A sub-theme to which little more than a mention is dedicated, but which would have deserved much more space, is the contribution made to gender studies by the writings of the American anthropologist Margaret Mead. A scholar of the indigenous populations of the islands of the Pacific Ocean, in her 1928 essay Coming of Age in Samoa, Mead reported that young Samoan women were free to live their sexual identity without the external conditioning that would characterize Western civilizations. Her theories, in the century since the book's publication, have been idealized by gender studies theorists, who on several occasions decontextualize the traditions of tribal populations to find confirmation of the idea that sexual differences are only a social construct. L’adolescenza in Samoa la Mead riportava che le giovani samoane erano libere di vivere la propria identità sessuale senza il condizionamento esterno che invece caratterizzerebbe le civiltà occidentali. Le sue teorie, nel secolo intercorso dalla pubblicazione del libro, sono state idealizzate dai teorici degli studi di genere, che in più occasioni decontestualizzano le tradizioni di popolazioni tribali per trovare conferme all’idea che le differenze sessuali siano solo un costrutto sociale.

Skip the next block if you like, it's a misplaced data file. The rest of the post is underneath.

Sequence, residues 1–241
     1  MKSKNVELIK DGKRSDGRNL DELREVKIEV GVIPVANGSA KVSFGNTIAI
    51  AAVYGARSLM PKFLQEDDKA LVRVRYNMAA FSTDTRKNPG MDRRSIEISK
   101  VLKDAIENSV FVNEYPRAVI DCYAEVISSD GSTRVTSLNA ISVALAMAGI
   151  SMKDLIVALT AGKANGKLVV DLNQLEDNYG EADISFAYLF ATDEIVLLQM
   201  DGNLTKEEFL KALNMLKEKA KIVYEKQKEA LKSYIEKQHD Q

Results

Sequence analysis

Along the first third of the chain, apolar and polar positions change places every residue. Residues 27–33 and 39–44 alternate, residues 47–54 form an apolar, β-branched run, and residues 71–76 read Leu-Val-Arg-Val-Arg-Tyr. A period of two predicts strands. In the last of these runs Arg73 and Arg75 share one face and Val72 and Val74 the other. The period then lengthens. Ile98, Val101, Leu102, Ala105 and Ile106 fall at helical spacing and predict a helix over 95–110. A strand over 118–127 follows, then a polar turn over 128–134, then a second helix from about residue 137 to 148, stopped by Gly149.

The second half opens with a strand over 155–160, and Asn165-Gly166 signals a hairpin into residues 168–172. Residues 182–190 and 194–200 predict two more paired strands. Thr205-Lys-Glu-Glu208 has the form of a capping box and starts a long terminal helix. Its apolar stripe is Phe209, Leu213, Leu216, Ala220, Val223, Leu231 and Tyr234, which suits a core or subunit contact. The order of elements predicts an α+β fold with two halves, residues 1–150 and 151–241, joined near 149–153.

Pensi esista il sesso biologico o che anche la vita dei bianchi sia importante? Rischi il licenziamento